Ethical Statement: The authors are accountable for all aspects of the work in ensuring that questions related to the accuracy or integrity of any part of the work are appropriately investigated and resolved. The study was conducted in accordance with the Declaration of Helsinki (as revised in 2013). Ethics approval was provided by the Southern Adelaide Clinical Human Research Ethics Committee (Project number 123.17). Informed consent was taken from all individual participants.

Open Access Statement: This is an Open Access article distributed in accordance with the Creative Commons Attribution-NonCommercial-NoDerivs 4.0 International License (CC BY-NC-ND 4.0), which permits the non-commercial replication and distribution of the article with the strict proviso that no changes or edits are made and the original work is properly cited (including links to both the formal publication through the relevant DOI and the license). See: https://creativecommons.org/licenses/by-nc-nd/4.0/.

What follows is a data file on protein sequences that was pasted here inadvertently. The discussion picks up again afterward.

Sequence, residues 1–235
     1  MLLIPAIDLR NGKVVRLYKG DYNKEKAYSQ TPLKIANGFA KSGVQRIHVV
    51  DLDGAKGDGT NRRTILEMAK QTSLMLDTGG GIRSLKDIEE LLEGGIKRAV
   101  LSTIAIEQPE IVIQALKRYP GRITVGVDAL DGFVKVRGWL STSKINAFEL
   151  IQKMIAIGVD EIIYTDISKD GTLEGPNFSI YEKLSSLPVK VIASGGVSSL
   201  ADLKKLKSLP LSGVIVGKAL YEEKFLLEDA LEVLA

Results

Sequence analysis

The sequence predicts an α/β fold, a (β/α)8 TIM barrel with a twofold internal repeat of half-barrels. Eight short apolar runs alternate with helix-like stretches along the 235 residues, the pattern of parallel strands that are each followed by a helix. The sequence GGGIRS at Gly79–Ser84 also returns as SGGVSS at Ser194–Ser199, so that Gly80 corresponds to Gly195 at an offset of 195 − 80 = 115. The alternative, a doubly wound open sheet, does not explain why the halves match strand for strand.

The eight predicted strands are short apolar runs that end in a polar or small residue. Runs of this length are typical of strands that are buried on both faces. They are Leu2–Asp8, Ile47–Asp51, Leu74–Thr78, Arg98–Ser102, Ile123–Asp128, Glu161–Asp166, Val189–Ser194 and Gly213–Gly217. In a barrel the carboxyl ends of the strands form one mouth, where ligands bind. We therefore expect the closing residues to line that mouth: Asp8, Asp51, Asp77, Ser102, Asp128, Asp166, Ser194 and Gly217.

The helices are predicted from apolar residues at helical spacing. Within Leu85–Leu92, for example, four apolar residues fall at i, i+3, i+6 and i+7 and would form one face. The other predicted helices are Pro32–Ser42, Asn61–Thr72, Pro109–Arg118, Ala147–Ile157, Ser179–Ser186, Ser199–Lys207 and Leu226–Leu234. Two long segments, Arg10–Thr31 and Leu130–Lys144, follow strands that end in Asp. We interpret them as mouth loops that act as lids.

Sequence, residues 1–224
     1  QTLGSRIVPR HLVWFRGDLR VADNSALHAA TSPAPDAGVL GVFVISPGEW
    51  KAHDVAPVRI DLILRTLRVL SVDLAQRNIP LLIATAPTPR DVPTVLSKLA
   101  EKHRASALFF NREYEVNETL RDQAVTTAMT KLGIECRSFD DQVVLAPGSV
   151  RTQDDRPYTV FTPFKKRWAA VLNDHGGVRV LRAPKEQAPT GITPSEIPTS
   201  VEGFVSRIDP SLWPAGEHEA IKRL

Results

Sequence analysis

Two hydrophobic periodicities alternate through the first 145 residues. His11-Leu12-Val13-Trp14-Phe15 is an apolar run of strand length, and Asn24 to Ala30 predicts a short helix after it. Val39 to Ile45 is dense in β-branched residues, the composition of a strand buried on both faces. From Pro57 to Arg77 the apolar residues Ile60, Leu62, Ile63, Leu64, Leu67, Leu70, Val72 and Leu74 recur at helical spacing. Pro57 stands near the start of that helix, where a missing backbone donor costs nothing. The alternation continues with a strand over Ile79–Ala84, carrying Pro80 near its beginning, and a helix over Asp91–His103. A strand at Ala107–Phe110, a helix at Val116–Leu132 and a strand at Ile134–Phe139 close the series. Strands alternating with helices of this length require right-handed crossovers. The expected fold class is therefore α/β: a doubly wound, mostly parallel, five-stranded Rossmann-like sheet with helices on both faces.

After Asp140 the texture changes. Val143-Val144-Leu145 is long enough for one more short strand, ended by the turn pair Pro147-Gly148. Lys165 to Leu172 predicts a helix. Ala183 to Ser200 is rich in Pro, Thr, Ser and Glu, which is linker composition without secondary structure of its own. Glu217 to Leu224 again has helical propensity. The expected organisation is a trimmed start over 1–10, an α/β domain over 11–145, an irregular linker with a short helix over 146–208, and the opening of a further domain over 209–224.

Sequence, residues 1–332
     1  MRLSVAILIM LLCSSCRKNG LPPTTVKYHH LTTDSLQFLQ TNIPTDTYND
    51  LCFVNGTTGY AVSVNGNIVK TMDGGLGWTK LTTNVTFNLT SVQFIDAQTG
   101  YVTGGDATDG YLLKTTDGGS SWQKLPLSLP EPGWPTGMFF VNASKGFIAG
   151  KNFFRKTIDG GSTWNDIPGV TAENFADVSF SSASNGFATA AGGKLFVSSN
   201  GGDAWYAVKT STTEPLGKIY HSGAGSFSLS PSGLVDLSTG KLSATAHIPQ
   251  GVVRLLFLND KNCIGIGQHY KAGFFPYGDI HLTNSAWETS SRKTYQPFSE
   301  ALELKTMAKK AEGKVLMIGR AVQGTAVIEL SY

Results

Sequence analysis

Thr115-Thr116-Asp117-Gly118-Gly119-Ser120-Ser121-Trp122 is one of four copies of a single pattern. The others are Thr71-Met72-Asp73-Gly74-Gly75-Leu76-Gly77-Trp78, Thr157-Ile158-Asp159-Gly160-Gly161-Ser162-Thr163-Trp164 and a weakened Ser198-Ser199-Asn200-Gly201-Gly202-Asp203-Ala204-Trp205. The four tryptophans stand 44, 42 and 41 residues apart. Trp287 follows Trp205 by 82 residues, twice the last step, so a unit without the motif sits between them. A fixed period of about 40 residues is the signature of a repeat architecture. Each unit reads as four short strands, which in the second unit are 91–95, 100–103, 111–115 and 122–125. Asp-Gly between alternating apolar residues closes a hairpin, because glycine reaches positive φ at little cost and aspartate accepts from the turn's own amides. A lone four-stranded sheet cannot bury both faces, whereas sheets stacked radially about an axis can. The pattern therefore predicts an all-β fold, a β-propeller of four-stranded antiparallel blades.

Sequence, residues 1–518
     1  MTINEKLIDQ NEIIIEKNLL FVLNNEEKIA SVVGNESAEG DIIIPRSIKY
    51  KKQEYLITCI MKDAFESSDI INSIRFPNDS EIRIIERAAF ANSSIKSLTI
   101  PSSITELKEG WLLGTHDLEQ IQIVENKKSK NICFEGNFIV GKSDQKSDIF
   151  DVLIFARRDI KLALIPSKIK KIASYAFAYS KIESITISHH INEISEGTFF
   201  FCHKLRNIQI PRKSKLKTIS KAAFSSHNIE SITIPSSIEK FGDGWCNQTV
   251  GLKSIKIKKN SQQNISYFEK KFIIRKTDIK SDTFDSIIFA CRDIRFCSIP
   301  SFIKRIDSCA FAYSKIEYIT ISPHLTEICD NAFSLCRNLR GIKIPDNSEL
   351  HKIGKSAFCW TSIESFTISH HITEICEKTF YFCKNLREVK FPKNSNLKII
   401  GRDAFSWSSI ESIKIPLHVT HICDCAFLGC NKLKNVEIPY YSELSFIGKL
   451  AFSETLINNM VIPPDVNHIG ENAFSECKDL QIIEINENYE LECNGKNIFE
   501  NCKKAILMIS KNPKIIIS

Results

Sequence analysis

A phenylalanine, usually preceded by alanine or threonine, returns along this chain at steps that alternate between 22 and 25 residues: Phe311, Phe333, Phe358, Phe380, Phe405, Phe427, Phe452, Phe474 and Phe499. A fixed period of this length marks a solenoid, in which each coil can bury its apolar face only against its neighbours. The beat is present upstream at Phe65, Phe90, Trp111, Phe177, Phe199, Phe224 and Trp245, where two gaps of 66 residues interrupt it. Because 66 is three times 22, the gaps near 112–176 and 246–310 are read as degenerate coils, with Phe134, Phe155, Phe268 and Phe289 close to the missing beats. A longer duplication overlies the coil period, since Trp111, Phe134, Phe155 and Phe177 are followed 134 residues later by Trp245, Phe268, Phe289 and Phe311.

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doi: 10.21037/ajo.2019.01.02
Cite this article as: Lam ME, Woods CM, Du C, Milton T, Kao SST, Huynh J, Sigston E, Ooi EH. Outcomes using the T-14 symptom score for tonsillectomy in an Australian paediatric population. Aust J Otolaryngol 2019;2:2.